Saturday, October 24, 2020

Adventures in outdoor wonderland

The Rangers, from left to right, Henry Gonzalez, Pinar Sevindik, Meredith Kruse, Jerry Innis, Chris Kimball, Peter Brockmann, Kirby Wilson, Maulik Patel, Michelle Craig. Photos by Jim Sousa

The Rangers, from left to right, Henry Gonzalez, Pinar Sevindik, Meredith Kruse, Jerry Innis, Chris Kimball, Peter Brockmann, Kirby Wilson, Maulik Patel, Michelle Craig. Photos by Jim Sousa

Less than ten miles away from Marco Island is the Big Cypress Swamp, once occupied by the Caloosa Indians and the Spanish, and the last refuge of the Seminoles, says the sign that greets you at the Collier Seminole State Park. The region is drained in a north-south direction by creeks, rivers, sloughs and swamps. Abounding in wildlife, trees, plants, shrubs and flowers… fertile hammock forests dot the higher lands… [and] the ever present cypress, called “wood eternal,” is the oldest living thing on earth.

Although, at this time of year, it’s hot, muggy and buggy, and it rains almost every afternoon, you can take pleasure in the dramatic storms and beautiful flowering plants that await you at the Collier Seminole State Park. View alligator, raccoons, osprey, white ibis, other wading birds, and all kinds of wildlife.

Bring your bicycle for off road biking on Historic Marco Road along a 3.5 mile course surrounded by marsh, hammock and pine flatwood. Or bring a canoe or kayak and take a ride along the13.6-mile canoe trail that flows down the twisting Black Water River through a mangrove forest.

Even if you live close by, if you’re adventurous and want to feel like you’re “getting away from it all,” why not plan to pitch your tent on this tropical outpost on the edge of the Everglades, and stay for a night or two? The park campsites have water, electricity, restrooms with showers and a screened-in activity building. The 120 campsites accommodate all campers, from tents to large motor homes. All are nestled among majestic royal palms and colorful gumbo limbo trees. Bring the whole family. The children will enjoy the playground and you can bring along your pets too.

If you like hiking, and really want to get away by yourself, there is a primitive campsite located approximately three miles from the parking area along the six-mile hiking trail north of Highway 41. You can enjoy the 6.5-mile hiking trail that winds through pine flatwoods and cypress swamp, and you can observe the great variety of vegetation and wildlife at the park. Or enjoy a .9 mile self-guided nature trail featuring a boardwalk system and observation platform overlooking the salt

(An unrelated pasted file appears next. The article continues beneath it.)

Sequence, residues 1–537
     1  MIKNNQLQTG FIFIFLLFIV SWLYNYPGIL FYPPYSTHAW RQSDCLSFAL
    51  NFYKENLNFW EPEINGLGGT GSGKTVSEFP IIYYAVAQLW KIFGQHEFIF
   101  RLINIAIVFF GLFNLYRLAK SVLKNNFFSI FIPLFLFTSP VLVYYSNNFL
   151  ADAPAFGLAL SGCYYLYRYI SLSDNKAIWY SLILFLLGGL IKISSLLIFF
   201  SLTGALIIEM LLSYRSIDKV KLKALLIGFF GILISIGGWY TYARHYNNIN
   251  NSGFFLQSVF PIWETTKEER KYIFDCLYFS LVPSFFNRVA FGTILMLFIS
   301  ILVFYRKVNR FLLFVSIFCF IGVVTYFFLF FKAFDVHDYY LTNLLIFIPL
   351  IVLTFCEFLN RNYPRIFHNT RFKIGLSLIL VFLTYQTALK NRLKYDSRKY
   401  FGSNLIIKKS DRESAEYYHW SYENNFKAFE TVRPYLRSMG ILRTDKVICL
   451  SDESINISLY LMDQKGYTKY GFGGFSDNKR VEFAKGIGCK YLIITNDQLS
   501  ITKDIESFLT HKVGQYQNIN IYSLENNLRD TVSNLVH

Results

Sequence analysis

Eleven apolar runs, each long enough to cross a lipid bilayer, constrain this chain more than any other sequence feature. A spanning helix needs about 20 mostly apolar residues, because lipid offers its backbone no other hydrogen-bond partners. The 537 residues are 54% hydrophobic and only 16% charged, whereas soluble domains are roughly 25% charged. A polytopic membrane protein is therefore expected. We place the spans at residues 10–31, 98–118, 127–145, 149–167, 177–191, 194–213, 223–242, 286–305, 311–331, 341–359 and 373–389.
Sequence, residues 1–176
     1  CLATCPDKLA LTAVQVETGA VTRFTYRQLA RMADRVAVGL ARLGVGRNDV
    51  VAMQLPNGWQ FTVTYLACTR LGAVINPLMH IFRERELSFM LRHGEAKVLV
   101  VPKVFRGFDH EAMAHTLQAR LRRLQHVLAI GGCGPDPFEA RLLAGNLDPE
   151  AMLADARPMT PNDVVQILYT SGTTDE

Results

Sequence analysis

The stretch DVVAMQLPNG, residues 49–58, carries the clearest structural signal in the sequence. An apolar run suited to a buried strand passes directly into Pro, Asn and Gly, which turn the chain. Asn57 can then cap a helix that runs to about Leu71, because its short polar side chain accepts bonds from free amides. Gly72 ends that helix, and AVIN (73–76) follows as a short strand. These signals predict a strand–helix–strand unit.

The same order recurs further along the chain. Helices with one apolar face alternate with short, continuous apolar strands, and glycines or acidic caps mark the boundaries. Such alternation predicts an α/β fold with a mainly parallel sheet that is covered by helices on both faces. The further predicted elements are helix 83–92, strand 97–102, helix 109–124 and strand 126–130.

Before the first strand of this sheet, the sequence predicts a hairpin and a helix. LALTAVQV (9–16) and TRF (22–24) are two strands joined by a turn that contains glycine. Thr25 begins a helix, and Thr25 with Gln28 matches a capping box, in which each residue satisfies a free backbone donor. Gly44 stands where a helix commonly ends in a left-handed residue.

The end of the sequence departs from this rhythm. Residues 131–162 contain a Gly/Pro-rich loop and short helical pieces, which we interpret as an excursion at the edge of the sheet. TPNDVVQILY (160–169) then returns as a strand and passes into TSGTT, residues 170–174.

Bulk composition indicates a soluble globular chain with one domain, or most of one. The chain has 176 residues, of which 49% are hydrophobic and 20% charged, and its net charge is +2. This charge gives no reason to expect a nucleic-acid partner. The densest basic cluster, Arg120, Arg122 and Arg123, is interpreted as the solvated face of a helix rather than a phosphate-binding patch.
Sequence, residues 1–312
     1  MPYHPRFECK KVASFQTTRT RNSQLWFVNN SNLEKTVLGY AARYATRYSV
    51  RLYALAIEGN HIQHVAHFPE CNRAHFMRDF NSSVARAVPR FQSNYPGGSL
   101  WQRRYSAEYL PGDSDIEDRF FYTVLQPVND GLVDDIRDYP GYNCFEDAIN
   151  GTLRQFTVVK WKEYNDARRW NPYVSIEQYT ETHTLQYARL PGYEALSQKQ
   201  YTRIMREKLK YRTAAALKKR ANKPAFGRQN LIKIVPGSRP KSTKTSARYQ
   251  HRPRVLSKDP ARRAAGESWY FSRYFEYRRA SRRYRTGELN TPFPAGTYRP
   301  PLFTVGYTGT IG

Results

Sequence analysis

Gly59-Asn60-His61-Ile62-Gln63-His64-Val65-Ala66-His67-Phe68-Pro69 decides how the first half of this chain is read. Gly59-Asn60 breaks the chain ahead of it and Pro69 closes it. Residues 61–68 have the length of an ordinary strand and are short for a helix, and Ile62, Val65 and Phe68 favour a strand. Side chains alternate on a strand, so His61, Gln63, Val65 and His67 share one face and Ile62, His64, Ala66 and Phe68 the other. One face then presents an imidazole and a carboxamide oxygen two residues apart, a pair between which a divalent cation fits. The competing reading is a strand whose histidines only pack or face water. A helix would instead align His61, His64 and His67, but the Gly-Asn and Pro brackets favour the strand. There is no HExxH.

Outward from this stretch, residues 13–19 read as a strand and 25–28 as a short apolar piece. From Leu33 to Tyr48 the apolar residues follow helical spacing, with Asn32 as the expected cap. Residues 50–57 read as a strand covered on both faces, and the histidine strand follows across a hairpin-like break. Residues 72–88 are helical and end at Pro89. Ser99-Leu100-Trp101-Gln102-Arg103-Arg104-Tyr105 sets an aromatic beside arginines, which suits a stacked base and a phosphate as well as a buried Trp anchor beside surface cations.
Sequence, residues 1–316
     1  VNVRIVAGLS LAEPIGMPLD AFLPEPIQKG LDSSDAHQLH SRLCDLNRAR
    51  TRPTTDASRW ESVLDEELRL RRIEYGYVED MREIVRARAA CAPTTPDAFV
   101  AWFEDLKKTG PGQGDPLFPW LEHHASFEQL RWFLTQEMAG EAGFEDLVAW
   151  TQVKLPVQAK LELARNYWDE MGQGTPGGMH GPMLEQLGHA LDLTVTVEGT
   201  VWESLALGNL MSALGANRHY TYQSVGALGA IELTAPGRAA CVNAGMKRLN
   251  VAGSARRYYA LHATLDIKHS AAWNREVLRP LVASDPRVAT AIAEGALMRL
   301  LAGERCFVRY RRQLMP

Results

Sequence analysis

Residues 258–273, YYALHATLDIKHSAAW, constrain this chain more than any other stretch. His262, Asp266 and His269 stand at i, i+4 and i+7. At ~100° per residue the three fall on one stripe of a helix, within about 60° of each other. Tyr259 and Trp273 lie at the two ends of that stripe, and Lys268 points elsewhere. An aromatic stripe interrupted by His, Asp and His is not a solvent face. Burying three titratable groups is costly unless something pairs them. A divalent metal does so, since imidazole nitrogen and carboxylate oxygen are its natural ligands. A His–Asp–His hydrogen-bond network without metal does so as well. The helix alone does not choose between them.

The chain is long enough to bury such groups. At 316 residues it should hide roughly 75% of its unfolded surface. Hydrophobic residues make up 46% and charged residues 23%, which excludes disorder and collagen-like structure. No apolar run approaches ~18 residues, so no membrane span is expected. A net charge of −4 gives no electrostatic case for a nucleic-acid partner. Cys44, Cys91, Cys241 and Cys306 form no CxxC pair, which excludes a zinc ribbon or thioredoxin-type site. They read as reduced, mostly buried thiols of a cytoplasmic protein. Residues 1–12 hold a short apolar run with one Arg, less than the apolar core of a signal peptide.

marsh.

Can you imagine what it was like for settlers who came to the area more than a hundred years ago to build houses and live in the Ten Thousand Islands? You can visit Grocery Place and see the remains of two cisterns used to collect rain water by folks who lived and traded in this remote spot more than one hundred years ago. These are the last remnants of the life of the Stephens family, who dismantled their Marco Island house, and brought it, piece by piece by boat to re-assemble it at this site that is now a primitive campsite. Up to six people or three small tents can camp at the site, approximately nine miles from the park boat basin. It’s only accessible by boat or canoehow’s that for adventure?

If you’re a boater and want a change of scenery, the Blackwater River flows through the park and allows access to the Ten Thousand Islands by boat. The boat ramp will accommodate small to medium vessels during low tide and most boats during high tide.  Don’t forget to bring your fishing equipment (and fishing license), too!

Collier Seminole Park is home to a National Historic Mechanical Engineering Landmark: If you ever wondered how the Tamiami Trail Highway was built across the wet lands of the Big Cypress Swamp between Naples and Miami, you can see first-hand the last existing Bay City Walking Dredge, built in 1924, right here on display in the park.

I’ve saved the best ’til last. There is so much to take in at the park and so much to learn, and you will learn from the best. These highly qualified Park Rangers are the park’s best resource! They will greet you warmly and they will take care of you during your visit. They will take you on guided walks in the winter season. Best of all, they will impart to you their knowledge of, and tremendous passion and dedication to, this beautiful place over which they are the guardians.

Collier-Seminole State Park is located at 20200 E. Tamiami Trail, Naples, Florida 34114. The park is open from 8 a.m. until sundown, 365 days a year. Admission is $5 per vehicle. Call (239) 394-3397 or visit  www.floridastateparks.org for information.

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